The structure of this paper is as follows. Section 2 puts forward a conceptual framework for understanding
how digitally enabled economic transformation (DEET) can affect poverty reduction. Sections 3 and 4
apply the framework to Kenya and Cambodia, respectively. Section 5 presents a comparative analysis and
Section 6 concludes.


Economic transformation is brought about through productivity improvements by means of (i) structural
changes – that is, movement of the labour force from less productive sectors of agriculture to manufacturing
and services – or (ii) within-sector productivity shifts as a result of firms upgrading or firm entry/exit. It
can affect poverty reduction through three channels: production structures (poor as producers),
consumption of goods and services (poor as consumers) and the broader context and service delivery
(Diwakar et al., 2019). Within these channels, some people can escape poverty through ‘growth from
above’ (GfA), which results from larger, more formal investments, for example in labour-intensive
manufacturing; many escape extreme poverty directly through ‘growth from below’ (GfB), which is related
to state support and private sector investment in smallholder agriculture and related sectors – transport,
trade, information and financial services (Shepherd and Diwakar, 2019). Poverty reduction through GfA
occurs mainly in industries such as garment manufacturing, where employment is accessible to poor, often-
migrant, women and men. Poverty reduction through GfB requires building poor individuals’ and
households’ assets and human capital, supporting the economic empowerment of poor women and
facilitating or removing any blocks to migration.

Building on the frameworks by Diwakar et al. (2019) and Shepherd and Diwakar (2019), Figure 1 presents
a conceptual framework for understanding the relationship between poverty reduction and economic
transformation in a digital economy. In this framework, economic transformation, referring to productivity
shifts within and across sectors, is enabled through the digital economy. 1 This DEET affects poverty
reduction through three channels: (i) production, (ii) consumption and (iii) GovTech and service
delivery. Under each channel, digital technologies have the potential to reduce poverty, if managed well,
but also pose the threat of exacerbating existing inequalities and/or creating new ones. How successfully
these channels are able to reduce poverty will further depend on the enabling policy environment,
comprising three sets of policies, related to building digital capabilities, fostering inclusive digital change
and promoting competitiveness. We examine this framework below in more detail, and apply it to the case
of Kenya and Cambodia in subsequent sections.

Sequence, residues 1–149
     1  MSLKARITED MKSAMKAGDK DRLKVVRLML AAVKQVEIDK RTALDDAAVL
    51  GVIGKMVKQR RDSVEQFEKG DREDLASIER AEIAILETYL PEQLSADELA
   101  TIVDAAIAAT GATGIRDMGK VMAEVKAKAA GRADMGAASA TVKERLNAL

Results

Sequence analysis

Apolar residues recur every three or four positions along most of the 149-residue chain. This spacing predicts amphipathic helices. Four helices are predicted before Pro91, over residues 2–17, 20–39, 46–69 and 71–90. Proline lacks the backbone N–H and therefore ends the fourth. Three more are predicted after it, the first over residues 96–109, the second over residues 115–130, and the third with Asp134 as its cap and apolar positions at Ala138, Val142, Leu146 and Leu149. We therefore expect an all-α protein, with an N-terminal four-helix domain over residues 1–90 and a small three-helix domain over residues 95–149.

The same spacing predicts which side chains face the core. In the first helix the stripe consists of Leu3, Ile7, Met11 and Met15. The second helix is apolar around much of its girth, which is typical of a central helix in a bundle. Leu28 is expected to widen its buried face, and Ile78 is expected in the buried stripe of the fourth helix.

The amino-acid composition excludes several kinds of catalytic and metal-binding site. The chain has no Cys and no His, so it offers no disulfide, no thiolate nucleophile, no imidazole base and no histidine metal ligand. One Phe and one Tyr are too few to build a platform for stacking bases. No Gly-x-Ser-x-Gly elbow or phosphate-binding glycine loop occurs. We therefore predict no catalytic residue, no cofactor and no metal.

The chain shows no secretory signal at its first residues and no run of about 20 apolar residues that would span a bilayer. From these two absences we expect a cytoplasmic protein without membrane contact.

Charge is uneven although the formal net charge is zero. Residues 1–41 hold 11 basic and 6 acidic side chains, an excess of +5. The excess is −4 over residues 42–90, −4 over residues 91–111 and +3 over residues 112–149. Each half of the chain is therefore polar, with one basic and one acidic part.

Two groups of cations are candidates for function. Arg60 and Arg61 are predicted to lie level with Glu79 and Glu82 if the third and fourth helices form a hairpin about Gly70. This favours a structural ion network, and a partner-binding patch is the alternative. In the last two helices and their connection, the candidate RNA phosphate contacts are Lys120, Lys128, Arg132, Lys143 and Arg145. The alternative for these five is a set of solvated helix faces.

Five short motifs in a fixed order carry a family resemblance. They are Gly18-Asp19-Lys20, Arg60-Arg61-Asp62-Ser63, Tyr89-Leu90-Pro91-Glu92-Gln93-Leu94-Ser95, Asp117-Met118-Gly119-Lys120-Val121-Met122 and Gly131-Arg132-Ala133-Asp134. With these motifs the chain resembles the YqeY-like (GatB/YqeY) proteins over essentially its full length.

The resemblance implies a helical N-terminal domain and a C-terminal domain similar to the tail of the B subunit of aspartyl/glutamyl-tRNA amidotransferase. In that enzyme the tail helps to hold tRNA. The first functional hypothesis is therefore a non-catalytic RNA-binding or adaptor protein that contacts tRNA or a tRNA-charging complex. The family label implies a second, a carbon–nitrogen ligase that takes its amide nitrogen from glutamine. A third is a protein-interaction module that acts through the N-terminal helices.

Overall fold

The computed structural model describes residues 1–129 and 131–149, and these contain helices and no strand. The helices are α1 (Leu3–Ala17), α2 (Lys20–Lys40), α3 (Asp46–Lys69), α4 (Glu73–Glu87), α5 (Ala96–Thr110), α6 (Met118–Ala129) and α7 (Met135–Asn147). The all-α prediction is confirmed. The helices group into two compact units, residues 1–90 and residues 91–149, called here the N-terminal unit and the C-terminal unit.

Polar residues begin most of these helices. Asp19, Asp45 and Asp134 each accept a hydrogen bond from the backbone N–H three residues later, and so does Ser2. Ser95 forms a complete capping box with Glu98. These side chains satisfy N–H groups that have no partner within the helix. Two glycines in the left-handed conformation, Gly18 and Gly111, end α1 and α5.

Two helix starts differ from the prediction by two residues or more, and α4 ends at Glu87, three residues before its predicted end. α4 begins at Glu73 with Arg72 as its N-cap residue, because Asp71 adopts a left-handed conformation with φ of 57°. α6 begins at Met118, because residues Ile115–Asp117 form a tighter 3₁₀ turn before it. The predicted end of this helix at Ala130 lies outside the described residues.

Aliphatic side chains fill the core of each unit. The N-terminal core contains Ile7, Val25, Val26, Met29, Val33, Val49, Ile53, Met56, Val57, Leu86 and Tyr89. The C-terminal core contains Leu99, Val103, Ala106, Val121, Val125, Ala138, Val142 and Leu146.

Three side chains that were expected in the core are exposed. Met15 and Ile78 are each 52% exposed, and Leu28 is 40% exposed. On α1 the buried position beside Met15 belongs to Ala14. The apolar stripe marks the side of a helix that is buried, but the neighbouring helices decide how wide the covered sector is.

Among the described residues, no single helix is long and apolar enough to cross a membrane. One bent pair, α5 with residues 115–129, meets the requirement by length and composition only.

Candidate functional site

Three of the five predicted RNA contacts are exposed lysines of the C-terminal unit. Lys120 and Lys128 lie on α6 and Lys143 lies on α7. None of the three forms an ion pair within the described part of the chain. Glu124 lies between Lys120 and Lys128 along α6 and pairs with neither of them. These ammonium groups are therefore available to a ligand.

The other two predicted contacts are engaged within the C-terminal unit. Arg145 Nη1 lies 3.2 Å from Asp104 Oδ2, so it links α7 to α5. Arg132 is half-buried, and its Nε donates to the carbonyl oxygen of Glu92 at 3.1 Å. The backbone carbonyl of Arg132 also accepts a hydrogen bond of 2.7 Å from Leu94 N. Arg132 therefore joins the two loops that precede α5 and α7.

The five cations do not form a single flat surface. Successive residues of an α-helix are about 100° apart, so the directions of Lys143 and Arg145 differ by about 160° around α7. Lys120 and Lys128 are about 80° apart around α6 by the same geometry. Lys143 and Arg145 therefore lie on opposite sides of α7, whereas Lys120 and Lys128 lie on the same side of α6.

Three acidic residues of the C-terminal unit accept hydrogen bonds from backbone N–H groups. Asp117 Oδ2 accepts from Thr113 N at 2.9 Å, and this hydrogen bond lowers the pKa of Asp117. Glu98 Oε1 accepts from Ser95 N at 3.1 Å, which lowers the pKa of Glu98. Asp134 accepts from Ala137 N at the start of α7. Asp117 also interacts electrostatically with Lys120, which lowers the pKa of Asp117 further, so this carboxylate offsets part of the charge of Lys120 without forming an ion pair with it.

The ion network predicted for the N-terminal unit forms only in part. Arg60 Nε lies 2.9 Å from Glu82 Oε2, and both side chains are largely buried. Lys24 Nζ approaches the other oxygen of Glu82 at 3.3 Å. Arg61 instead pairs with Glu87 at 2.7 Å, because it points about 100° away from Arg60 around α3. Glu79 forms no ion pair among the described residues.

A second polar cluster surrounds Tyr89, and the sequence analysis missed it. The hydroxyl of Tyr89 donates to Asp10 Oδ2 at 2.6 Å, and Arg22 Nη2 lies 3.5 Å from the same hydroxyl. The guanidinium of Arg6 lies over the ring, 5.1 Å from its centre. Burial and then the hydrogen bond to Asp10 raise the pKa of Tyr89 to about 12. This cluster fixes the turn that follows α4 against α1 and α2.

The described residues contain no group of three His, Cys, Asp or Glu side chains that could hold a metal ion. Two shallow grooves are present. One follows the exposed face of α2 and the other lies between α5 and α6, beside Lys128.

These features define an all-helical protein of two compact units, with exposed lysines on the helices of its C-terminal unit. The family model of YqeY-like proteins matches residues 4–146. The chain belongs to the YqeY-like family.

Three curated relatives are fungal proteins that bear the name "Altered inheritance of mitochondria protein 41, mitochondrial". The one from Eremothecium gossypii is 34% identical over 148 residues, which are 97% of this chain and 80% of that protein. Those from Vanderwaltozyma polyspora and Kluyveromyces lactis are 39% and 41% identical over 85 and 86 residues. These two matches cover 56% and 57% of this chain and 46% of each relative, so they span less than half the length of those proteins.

1The digital economy contains a range of technologies with enormous potential to affect the organisation of production, as well as the efficiency of the production
process. These include (i) mobile networks, (ii) cloud computing, (iii) machine learning, (iv) Internet of Things, (v) ‘big data’ and (vi) Artificial Intelligence,
which facilitate the development of smart platforms and applications (e.g. e-commerce platforms, FinTech apps, etc.) as well as smart machines (e.g. robots and
3D printers).


Figure 1. Digitally enabled economic transformation and poverty: a framework

         Economic                                                                                              Enabling
                                Transmission                              Poverty impact
      transformation                                                                                           environment
                                                        Direct and indirect employment changes within
                                                        sectors owing to:
                                                        - digital-led agricultural growth
                                                        - digital-led labour-intensive manufacturing
                                                        - IT and IT-enabled services
                                                        Meanwhile, links formal sector with informal
                            Production structures       sector
                             Increased productivity
                                 Diversification        But digital exclusion of those without digital
                                                        access, credit and lack of skills, hollowing-out of
                                                        middle-skilled workforce, limited future
                                                        offshoring to less-digitalised firms and rising
                                                        precariousness of work on online platforms.

                                                        In services: tech increases value from non-